WITH lockdown restrictions easing, people across the country are setting their sights on a long overdue holiday this summer.

Nerys Pearce is planning a visit to France in July – by swimming the English Channel.

For the 39-year-old, it will be her second attempt at completing the mammoth feat after she had to abandon last September’s effort when hypothermia set in.

Many have done what Nerys is hoping to accomplish since Captain Matthew Webb became the first person to swim the English Channel on August 24, 1875.

However, no-one paralysed from the chest down, like Nerys, has ever managed it.

Nerys, whose mother was born and bred in Llanelli, moved to Colwinston in the Vale of Glamorgan following the motorbike crash in 2008 that would ultimately result in her paralysis.

She endured some dark days in the years that followed, all of which reached a head when the former army medic tried to take her own life.

But with the help of military charity Blesma, she turned her life around, and has gone on to pull off some truly remarkable and inspirational achievements.

As well as being part of a team that broke a world record in the 300-mile Enduroman triathlon from London to Paris, Nerys won a record-breaking 10 medals at the 2016 Invictus Games.

She then represented Wales at the Commonwealth Games in Australia before conquering, again as part of a team, Race Across America, regarded as the toughest cycle race in the world.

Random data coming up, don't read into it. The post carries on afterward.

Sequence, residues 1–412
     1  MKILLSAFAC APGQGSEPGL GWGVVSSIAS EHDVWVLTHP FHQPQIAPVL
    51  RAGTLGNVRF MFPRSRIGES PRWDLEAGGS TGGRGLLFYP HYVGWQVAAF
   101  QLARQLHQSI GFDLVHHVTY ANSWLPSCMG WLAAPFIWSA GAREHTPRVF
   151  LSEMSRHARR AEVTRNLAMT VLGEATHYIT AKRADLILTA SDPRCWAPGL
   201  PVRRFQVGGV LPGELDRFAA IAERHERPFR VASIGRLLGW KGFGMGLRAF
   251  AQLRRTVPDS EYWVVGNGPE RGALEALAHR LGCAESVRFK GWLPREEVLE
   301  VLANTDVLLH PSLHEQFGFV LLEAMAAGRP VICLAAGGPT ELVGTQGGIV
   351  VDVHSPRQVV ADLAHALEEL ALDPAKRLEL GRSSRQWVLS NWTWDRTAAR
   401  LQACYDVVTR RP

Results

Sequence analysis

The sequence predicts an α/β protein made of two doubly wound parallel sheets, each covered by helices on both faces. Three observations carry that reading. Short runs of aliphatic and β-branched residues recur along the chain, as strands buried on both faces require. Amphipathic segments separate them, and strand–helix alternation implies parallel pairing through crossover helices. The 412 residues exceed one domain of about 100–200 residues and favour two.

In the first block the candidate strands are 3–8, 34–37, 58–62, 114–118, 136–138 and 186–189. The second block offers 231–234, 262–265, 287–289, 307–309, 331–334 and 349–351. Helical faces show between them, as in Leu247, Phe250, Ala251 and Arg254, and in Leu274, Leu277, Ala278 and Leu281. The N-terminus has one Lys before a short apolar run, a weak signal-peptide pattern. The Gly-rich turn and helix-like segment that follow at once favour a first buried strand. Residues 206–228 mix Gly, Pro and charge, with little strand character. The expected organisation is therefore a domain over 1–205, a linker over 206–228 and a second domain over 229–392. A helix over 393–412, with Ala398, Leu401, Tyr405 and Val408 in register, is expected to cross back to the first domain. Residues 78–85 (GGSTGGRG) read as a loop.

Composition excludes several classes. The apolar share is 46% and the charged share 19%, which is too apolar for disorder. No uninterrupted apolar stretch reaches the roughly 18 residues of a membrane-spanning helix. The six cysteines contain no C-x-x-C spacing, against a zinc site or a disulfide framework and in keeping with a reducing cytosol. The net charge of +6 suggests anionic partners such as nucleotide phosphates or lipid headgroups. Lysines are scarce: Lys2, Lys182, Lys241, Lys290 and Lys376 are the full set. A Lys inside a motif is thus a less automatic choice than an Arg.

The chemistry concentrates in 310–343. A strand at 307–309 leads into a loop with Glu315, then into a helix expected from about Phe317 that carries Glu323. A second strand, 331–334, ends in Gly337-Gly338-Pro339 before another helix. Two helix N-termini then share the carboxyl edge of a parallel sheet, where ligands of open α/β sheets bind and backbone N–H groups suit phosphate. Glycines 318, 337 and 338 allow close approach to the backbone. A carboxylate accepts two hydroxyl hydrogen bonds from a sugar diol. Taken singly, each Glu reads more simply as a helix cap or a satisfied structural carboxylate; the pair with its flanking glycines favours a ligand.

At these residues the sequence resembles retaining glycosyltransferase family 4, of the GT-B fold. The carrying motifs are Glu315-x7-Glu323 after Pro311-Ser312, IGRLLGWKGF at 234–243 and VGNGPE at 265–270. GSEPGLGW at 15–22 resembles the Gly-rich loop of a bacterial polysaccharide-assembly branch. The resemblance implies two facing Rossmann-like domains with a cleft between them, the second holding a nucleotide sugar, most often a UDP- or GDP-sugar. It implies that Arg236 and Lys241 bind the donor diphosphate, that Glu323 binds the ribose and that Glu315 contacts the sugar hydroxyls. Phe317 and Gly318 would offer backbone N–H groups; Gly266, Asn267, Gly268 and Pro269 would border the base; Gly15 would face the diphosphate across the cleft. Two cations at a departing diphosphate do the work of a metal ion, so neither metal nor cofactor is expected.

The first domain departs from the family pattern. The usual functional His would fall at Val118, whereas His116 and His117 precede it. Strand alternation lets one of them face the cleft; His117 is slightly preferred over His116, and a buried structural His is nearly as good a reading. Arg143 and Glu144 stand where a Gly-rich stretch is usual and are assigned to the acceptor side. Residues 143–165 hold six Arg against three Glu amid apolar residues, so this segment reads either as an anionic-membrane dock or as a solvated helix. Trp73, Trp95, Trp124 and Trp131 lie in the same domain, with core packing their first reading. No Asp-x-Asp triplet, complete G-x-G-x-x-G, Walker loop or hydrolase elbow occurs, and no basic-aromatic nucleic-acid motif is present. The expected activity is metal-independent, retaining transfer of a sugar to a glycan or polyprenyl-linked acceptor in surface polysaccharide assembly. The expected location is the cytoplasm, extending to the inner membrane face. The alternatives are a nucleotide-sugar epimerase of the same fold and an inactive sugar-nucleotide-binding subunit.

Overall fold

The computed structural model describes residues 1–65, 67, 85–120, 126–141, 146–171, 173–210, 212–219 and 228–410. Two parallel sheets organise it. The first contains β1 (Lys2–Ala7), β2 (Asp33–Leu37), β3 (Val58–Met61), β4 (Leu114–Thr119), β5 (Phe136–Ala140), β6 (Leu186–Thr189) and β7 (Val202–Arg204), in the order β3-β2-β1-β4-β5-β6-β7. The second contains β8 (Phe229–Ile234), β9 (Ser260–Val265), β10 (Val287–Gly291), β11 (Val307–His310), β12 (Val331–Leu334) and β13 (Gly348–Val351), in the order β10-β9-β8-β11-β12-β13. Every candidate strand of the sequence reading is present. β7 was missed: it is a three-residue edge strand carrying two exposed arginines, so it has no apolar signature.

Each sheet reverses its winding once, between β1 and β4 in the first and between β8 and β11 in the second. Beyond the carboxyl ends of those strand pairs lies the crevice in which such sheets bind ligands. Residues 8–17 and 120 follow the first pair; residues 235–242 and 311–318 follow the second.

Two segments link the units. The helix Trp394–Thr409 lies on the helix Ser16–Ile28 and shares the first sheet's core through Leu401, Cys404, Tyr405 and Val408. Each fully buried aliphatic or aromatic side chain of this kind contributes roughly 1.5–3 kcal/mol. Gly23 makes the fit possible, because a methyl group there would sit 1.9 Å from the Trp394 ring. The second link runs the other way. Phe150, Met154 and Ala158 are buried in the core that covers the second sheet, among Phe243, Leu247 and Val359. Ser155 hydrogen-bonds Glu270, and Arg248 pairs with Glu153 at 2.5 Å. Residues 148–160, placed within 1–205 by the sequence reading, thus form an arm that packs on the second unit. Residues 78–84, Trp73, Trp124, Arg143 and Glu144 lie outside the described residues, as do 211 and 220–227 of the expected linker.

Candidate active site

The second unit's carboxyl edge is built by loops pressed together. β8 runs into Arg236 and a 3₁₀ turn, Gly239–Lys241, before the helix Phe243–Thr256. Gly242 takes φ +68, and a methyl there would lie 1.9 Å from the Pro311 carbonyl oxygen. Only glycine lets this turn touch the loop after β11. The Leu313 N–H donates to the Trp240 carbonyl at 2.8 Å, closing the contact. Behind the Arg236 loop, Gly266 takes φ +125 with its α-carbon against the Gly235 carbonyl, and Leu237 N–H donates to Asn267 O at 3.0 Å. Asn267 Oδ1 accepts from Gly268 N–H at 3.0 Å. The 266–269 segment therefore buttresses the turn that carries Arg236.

And then last year, that maiden cross-Channel attempt preceded her competitive motor racing debut for Team BRIT, a group of disabled drivers who take part in the Britcar Championship.

“If I had the chance to go back to how I was before the crash, of course I would,” said Nerys, who now lives in Ascot. But do I feel bitter and angry about what happened? No.

“Life would have been different had it not happened, but I would never have had the opportunity to compete at the Commonwealth Games or Invictus Games.

“I would never have met some of the wonderful people I’ve encountered, and I wouldn’t have got the chance to give back to the community by helping young people.”

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She continued: “I turn 40 in October and might do the Barcelona Ironman as a treat to myself! But my focus for now is on the swim and racing for Team BRIT.